The compounds may be tested for their potential for the treatment of chronic pain (antiallodynic and antihyperalgesic activities) in the Chung model of peripheral neuropathy. Male Sprague-Dawley rats weighing between 200–225 g were anesthetized with halothane (1–3% in a mixture of 70% air and 30% oxygen) and their body temperature controlled during anesthesia through use of a homeothermic blanket. A 2-cm dorsal midline incision was then made at the L5 and L6 level and the para-vertibral muscle groups retracted bilaterally. L5 and L6 spinal nerves were then be exposed, isolated, and tightly ligated with 6-0 silk suture. A sham operation was performed exposing the contralateral L5 and L6 spinal nerves as a negative control.

Tactile Allodynia: Rats were transferred to an elevated testing cage with a wire mesh floor and allowed to acclimate for five to ten minutes. A series of Semmes-Weinstein monofilaments were applied to the plantar surface of the hindpaw to determine the animal's withdrawal threshold. The first filament used possessed a buckling weight of 9.1 gms (0.96 log value) and was applied up to five times to sec if it elicited a withdrawal response. If the animal had a withdrawal response then the next lightest filament in the series would be applied up to five times to determine if it could elicit a response. This procedure was repeated with subsequent lesser filaments until there was no response and the lightest filament that elicited a response was recorded. If the animal did not have a withdrawal response from the initial 9.1 gms filament then subsequent filaments of increased weight were applied until a filament elicited a response and this filament was then recorded. For each animal, three measurements were made at every time point to produce an average withdrawal threshold determination. Tests were performed prior to and at 1, 2, 4 and 24 hours post drug administration. Tactile allodynia and mechanical hyperalgesia tests were conducted concurrently.

Mechanical Hyperalgesia: Rats were transferred to an elevated testing cage with a wire mesh floor and allowed to acclimate for five to ten minutes. A slightly blunted needle was touched to the plantar surface of the hindpaw causing a dimpling of the skin without penetrating the skin. Administration of the needle to control paws typically produced a quick flinching reaction, too short to be timed with a stopwatch and arbitrarily given a withdrawal time of 0.5 second. The operated side paw of neuropathic animals exhibited an exaggerated withdrawal response to the blunted needle. A maximum withdrawal time of ten seconds was used as a cutoff time. Withdrawal times for both paws of the animals were measured three times at each time point with a five-minute recovery period between applications. The three measures were used to generate an average withdrawal time for each time point. Tactile allodynia and mechanical hyperalgesia tests were conducted concurrently.

The compounds may be tested for their neuroprotective activity after focal and global ischemia produced in rats or gerbils according to the procedures described in Buchan el al. (Stroke, Suppl. 148–152 (1993)) and Sheardown et al. (Eur. J. Pharmacol. 236:347–353 (1993)) and Graham et al. (J. Pharmacol. Exp. Therap 276:1–4 (1996)).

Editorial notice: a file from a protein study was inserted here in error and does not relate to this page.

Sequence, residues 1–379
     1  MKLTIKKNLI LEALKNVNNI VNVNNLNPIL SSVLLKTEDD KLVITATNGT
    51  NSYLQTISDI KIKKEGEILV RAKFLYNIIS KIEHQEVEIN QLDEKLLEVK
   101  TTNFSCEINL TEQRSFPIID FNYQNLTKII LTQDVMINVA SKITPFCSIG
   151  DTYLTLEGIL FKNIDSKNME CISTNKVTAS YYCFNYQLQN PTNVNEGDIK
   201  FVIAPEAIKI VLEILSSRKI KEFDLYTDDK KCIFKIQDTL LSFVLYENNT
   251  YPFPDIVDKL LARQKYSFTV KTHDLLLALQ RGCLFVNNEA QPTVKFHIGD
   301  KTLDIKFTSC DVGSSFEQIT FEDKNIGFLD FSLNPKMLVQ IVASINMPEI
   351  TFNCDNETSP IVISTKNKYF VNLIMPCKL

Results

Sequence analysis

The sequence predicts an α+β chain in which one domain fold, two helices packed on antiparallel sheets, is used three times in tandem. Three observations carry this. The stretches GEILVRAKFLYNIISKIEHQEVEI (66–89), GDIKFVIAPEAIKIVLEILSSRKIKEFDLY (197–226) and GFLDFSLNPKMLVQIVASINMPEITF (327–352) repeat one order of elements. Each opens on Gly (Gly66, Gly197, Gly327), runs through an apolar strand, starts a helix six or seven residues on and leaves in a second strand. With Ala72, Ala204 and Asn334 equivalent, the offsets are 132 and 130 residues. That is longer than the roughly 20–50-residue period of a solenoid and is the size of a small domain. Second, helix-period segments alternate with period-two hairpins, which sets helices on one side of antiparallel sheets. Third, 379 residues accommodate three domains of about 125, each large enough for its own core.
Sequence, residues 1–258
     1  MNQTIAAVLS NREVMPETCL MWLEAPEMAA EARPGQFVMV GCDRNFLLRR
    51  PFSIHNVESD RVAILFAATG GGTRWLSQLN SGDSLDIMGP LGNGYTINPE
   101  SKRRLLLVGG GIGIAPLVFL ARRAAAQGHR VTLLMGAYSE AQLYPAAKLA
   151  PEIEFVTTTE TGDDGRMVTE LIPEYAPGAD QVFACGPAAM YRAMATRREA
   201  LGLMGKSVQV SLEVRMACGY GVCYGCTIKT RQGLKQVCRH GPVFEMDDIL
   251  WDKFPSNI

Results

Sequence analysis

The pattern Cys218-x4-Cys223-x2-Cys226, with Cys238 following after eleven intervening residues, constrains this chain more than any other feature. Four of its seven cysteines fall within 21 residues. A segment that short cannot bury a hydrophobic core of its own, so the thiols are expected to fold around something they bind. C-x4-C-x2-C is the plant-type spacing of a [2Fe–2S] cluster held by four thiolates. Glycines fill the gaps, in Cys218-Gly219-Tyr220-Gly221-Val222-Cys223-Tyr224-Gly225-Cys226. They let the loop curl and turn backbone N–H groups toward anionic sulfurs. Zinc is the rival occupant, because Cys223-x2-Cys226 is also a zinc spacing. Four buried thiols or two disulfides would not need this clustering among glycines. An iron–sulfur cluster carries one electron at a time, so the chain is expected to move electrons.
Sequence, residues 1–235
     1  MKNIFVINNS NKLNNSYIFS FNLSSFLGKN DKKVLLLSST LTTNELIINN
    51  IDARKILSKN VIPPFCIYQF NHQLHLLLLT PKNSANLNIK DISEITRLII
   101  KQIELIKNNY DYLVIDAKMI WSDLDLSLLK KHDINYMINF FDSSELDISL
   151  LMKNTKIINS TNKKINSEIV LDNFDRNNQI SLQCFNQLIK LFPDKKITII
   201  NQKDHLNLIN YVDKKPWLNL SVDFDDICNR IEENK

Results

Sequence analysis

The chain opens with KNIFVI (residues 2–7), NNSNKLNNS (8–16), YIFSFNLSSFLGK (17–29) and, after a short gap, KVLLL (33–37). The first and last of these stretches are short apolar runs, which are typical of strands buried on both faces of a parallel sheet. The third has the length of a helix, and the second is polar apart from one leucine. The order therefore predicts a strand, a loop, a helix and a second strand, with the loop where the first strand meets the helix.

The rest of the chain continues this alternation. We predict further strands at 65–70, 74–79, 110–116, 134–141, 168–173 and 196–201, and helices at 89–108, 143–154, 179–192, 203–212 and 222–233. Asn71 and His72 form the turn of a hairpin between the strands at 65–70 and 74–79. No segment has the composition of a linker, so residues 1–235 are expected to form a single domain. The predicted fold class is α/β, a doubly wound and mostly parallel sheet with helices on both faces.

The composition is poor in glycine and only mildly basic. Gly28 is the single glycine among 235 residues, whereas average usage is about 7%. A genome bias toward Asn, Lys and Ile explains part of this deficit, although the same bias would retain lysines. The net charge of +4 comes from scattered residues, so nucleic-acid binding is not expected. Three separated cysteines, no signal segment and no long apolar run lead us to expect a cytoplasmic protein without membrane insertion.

The compounds may be tested for their neuroprotective activity after traumatic spinal cord injury according to the procedures described in Wrathall et al. (Exp. Neurology 137:119–126 (1996)) and Iwasaki el al. (J. Neuro Sci. 134:21–25 (1995)).

Compositions within the scope of this invention include all compositions wherein the compounds of the present invention are contained in an amount that is effective to achieve its intended purpose. While individual needs vary, determination of optimal ranges of effective amounts of each component is within the skill of the art. Typically, the compounds may be administered to mammals, e.g. humans, orally at a dose of 0.0025 to 50 mg/kg, or an equivalent amount of the pharmaceutically acceptable salt thereof, per day of the body weight of the mammal being treated for epilepsy, neurodegenerative diseases, anesthetic, arrhythmia, manic depression, and pain. For intramuscular injection, the dose is generally about one-half of the oral dose.

In the method of treatment or prevention of neuronal loss in global and focal ischemia, brain and spinal cord trauma, hypoxia, hypoglycemia, status epilepsy and surgery, the compound can be administrated by intravenous injection at a dose of about 0.025 to about 10 mg/kg.

The unit oral dose may comprise from about 0.01 to about 50 mg, preferably about 0.1 to about 10 mg of the compound. The unit dose may be administered one or more times daily as one or more tablets each containing from about 0.1 to about 10, conveniently about 0.25 to 50 mg of the compound or its solvates.

In addition to administering the compound as a raw chemical, the compounds of the invention may be administered as part of a pharmaceutical preparation containing suitable pharmaceutically acceptable carriers comprising excipients and auxiliaries which facilitate processing of the compounds into preparations which can be used pharmaceutically. Preferably, the preparations, particularly those preparations which can be administered orally and which can be used for the preferred type of administration, such as tablets, dragees, and capsules, and also preparations which can be administered rectally, such as suppositories, as well as suitable solutions for administration by injection or orally, contain from about 0.01 to 99 percent, preferably from about 0.25 to 75 percent of active compound(s), together with the excipient.